Microsoft is building its own Chromium browser to replace Edge
Microsoft Edge is the browser that was tasked with replacing Internet Explorer, one of the first and most used Web Browsers in the early Internet days. With only three years of life, Microsoft may retire Edge sooner than we expect…
From Internet Explorer to Edge
Believe it or not Internet explorer was once close to a monopoly in the browser scene. Released in 1995, during the ’00 of the new millennium Internet Explorer had a whopping 95% market share! Microsoft had started to bundle IE along its flagship product, Microsoft Windows, to leverage its predominant position. For years IE would come preinstalled without any real possibility to uninstall it. This tactic has allowed IE to reign without little to no competition for years, until Firefox started eroding its market, but that’s a story for another time.
Fast forward a couple of years, in 2015, Firefox and Chrome have taken over the once brilliant Internet Explorer, Microsoft needed something new.
A struggling browser in the age of Chrome
The decline of IE was unstoppable but Microsoft had created what was needed, a new browser engine (EdgeHTML) and most importantly a new browser: Edge.
Microsoft Edge, codename “Spartan”, was released in July 29, 2015, the same day as Windows 10 in which Edge was bundled, Microsoft’s good old tactic. Its ambition? To replace Internet Explorer, once popular now declining, and to take back what Firefox and Chrome had gained during th years: users.
In three years since its inception Edge hasn’t made a dent in the browser market share with a mere 4% market share. As the time of this article Internet Explorer 11 is estimated to be around 6%. Clearly Edge hasn’t lived up to the expectations.
Edge is retiring, a new Chromium browser?
While IE was steadily losing its turf to Firefox, a new player came up: Google Chrome. Created by Google in 2008, it is now the most used browser in the world, also thanks to the expanding smartphone market. As a matter of fact Google Chrome comes preinstalled on Android, the most popular operating system in the world (does it ring a bell?).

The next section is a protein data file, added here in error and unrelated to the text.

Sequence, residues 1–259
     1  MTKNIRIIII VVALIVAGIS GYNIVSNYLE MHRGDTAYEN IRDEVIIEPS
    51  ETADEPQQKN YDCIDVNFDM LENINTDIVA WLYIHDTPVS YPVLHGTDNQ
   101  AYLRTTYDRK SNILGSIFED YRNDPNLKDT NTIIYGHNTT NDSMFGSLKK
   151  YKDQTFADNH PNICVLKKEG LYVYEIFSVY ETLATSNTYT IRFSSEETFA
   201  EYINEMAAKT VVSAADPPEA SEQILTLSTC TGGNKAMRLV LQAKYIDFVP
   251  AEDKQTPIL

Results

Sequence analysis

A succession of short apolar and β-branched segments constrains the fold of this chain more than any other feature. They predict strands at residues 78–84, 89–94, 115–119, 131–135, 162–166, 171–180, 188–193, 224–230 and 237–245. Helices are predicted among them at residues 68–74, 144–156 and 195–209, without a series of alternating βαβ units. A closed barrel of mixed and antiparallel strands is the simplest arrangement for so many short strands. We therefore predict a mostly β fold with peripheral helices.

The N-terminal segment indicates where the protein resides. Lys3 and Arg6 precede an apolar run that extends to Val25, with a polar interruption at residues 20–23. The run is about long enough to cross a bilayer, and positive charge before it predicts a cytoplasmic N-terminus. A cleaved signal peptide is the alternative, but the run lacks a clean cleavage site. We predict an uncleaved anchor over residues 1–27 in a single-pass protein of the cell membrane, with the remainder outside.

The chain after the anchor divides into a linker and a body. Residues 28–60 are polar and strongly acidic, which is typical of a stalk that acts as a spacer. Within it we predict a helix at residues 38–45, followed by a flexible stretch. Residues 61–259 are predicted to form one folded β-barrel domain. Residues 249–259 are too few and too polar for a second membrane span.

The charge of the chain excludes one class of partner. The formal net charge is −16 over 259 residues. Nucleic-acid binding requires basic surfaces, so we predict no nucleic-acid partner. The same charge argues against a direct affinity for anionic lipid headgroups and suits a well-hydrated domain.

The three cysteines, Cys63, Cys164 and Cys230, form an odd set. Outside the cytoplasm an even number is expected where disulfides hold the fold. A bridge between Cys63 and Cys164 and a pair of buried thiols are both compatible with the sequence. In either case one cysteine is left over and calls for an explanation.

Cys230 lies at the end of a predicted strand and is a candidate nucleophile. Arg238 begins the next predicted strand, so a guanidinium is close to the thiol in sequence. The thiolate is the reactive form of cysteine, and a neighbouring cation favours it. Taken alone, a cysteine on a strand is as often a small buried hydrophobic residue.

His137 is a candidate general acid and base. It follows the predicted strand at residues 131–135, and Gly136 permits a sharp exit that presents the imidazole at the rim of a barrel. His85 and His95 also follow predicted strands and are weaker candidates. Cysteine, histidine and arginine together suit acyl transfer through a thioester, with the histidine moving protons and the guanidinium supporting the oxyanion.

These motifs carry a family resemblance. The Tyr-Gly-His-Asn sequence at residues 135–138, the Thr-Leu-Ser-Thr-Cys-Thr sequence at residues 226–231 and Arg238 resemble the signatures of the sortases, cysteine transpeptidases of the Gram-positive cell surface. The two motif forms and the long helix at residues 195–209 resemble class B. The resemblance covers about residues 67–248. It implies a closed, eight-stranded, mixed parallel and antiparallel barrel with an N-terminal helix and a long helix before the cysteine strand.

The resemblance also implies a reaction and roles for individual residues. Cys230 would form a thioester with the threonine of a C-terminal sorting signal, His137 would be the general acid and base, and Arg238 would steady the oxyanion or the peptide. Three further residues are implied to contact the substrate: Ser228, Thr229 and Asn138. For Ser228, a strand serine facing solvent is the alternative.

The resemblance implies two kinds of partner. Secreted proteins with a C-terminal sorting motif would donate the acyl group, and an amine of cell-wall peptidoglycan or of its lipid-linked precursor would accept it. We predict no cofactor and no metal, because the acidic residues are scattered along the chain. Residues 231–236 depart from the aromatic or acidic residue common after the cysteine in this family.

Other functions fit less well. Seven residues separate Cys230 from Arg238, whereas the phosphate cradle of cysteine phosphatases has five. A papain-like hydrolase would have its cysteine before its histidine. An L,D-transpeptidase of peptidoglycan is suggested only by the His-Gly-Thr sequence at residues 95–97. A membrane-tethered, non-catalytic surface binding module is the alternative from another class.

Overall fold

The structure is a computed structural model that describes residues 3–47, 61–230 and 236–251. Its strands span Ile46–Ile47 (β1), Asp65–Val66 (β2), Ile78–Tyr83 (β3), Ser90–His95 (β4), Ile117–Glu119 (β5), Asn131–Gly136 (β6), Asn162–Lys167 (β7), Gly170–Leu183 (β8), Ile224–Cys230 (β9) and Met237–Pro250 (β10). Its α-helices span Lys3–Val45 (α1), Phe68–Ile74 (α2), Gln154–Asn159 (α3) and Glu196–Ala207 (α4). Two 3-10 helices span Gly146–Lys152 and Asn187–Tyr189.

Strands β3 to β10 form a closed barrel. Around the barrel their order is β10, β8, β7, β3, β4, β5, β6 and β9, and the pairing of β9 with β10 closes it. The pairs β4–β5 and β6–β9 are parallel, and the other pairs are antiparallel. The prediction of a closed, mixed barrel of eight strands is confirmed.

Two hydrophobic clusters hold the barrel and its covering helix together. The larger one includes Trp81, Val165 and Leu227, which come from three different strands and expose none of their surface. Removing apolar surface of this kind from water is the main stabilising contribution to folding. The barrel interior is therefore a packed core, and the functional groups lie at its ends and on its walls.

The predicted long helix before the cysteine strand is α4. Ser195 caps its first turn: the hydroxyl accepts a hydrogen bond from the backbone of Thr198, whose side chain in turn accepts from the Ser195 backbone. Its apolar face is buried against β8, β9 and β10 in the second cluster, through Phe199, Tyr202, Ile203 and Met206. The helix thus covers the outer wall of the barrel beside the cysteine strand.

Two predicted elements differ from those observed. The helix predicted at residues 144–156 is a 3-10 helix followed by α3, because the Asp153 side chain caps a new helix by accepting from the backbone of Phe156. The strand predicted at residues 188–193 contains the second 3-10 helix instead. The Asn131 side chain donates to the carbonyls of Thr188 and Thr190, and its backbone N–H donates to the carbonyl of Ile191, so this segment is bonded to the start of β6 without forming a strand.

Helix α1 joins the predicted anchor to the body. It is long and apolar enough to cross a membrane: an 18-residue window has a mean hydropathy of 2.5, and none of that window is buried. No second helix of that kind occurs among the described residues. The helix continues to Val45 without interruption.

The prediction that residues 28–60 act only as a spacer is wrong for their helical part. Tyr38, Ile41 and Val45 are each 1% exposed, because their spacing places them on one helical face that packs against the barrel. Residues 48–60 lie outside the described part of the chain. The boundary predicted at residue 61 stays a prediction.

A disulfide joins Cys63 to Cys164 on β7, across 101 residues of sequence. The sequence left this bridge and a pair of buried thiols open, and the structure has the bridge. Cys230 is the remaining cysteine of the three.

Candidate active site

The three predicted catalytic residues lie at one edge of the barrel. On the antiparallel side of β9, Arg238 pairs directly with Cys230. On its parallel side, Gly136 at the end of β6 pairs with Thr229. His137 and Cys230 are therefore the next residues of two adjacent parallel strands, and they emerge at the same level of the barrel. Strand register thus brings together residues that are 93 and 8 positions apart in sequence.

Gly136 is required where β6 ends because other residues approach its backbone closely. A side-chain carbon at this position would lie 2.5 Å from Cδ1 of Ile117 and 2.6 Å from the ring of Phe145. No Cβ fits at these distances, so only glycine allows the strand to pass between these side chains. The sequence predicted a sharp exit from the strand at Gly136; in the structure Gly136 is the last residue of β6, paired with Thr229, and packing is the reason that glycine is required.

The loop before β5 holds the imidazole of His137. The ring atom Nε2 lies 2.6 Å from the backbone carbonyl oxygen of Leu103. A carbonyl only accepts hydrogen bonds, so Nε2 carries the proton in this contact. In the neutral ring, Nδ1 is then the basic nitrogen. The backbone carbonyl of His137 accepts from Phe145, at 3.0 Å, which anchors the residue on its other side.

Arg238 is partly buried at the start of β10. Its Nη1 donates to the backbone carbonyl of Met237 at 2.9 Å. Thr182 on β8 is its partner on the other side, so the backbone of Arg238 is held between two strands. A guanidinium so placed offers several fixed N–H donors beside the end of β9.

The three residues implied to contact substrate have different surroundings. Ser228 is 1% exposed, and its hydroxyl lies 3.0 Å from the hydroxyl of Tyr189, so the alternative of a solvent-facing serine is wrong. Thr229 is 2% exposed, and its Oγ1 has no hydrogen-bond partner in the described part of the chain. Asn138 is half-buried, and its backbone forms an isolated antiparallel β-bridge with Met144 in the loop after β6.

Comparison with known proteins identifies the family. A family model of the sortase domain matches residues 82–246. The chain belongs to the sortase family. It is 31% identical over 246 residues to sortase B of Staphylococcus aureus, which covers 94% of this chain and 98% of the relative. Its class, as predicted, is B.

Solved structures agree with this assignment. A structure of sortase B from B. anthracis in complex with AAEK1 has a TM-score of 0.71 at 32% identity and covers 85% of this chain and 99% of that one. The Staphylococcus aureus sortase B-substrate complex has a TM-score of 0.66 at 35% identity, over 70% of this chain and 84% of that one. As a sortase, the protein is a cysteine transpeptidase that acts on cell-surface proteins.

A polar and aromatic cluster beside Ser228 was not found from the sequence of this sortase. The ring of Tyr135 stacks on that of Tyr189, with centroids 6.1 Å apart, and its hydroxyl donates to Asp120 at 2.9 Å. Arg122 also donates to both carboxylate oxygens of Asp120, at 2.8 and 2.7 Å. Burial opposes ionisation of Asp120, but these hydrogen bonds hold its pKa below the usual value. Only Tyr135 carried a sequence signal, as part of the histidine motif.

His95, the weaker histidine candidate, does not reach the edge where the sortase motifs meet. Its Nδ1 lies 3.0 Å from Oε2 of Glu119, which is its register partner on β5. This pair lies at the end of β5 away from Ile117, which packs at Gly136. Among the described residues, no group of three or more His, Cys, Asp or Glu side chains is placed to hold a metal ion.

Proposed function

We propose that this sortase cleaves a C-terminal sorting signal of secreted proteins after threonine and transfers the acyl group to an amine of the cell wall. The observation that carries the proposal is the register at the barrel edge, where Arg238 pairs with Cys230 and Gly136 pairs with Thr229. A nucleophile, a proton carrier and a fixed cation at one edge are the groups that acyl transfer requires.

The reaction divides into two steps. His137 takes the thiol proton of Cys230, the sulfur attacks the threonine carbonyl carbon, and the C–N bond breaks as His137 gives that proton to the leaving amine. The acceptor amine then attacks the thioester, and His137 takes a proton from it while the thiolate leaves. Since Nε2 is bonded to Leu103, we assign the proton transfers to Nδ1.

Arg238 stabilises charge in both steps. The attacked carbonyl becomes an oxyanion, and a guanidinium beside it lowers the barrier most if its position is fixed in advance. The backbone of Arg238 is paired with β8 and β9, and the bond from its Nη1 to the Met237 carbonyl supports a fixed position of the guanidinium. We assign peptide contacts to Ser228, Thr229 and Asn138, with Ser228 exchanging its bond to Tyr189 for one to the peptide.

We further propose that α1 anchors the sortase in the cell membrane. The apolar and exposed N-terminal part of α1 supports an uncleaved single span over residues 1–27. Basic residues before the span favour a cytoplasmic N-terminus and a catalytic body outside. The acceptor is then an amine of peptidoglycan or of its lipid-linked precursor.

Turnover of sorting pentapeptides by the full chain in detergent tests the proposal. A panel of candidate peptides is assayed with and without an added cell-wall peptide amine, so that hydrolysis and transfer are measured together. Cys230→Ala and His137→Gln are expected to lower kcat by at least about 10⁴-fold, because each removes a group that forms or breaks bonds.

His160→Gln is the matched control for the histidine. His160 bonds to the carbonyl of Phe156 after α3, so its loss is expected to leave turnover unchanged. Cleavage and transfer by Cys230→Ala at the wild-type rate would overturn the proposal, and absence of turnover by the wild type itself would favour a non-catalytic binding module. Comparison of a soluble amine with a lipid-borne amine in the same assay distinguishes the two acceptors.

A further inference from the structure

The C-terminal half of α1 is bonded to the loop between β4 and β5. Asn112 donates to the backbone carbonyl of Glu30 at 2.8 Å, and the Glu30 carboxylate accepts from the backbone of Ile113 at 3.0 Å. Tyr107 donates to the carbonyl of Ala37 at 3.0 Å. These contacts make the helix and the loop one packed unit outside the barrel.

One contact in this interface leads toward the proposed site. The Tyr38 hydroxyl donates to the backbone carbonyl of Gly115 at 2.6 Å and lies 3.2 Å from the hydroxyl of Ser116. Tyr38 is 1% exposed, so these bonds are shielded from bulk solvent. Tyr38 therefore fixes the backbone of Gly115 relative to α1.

What many Chrome users are oblivious of is the fact that their browser is based off an open source browser: Chromium. Chromium was started by Google as the base for the proprietary Google Chrome. The Chromium browser with its rendering engine, Blink (a fork of WebKit) is now the base for many other minor browsers such as Opera, Vivaldi, Brave and many others.
Microsoft has repeatedly tried to convince Chrome users not to use Chrome with pop-ups and quizzes about what they like about it. Well, that is no more. Microsoft has been working on a new Chromium-based browser, and it will soon reveal more details about it. Codename “Anaheim” is tasked with the same kind of task assigned Edge, using a different approach.
A Chromium world
With the soon-to-be-announced departure of Microsoft Edge (and its engine, EdgeHTML), the browser market is terribly close to a monopoly where Chromium is the ruler.
The only real alternative is Firefox and its browser engine Gecko. Mozilla is also working on another, rust-based, browser engine: Servo. Although Servo will bring Firefox to a newer level of speed and security it is unlikely to reverse the current market share. Or is it?
In the first place, Firefox drew users away from Internet Explorer thanks to its speed. Chrome became the king of browsers, once again thanks to speed. Mozilla has released Firefox Quantum earlier this year, a new version of Firefox boasting, you’ve guessed it: speed. Although the browsing speed in Firefox Quantum has been increased a lot, it still hasn’t allowed Firefox to recover the fall it has experienced in these years.
A great danger associated with Chromium-based browsers being at the top (aside security concerns) is outlined in The Verge’s “Chrome is turning into the new Internet Explorer 6”. Back in the day IE6 was troublesome to deal with for web developers, and allowed plugins such as Adobe Flash Player to prosper much longer than they should have.
Latest posts by mark (see all)
- Developing on Kubernetes: my workflow for taming K8S on Windows - 25 March 2020
- Fedora 32 new features: a bunch of updates - 18 March 2020
- Ubuntu 20.04 LTS new features: Focal Fossa with GNOME 3.36 - 11 March 2020